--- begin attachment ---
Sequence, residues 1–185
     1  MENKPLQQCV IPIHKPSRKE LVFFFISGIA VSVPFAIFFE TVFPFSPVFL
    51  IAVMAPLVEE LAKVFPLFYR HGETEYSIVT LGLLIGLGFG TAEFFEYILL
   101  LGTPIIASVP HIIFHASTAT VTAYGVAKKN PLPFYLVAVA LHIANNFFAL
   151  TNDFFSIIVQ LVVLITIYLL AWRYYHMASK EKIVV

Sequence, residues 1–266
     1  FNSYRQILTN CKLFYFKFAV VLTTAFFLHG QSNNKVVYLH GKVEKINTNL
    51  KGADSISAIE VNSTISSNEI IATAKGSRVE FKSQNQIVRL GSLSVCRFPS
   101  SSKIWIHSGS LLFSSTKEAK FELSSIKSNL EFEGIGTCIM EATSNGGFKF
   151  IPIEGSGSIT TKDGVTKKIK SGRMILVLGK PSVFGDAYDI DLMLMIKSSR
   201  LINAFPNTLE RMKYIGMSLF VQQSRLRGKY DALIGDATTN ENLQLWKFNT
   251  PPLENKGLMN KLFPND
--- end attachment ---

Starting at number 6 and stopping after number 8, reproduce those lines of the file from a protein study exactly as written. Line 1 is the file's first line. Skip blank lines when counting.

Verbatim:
Sequence, residues 1–266
     1  FNSYRQILTN CKLFYFKFAV VLTTAFFLHG QSNNKVVYLH GKVEKINTNL
    51  KGADSISAIE VNSTISSNEI IATAKGSRVE FKSQNQIVRL GSLSVCRFPS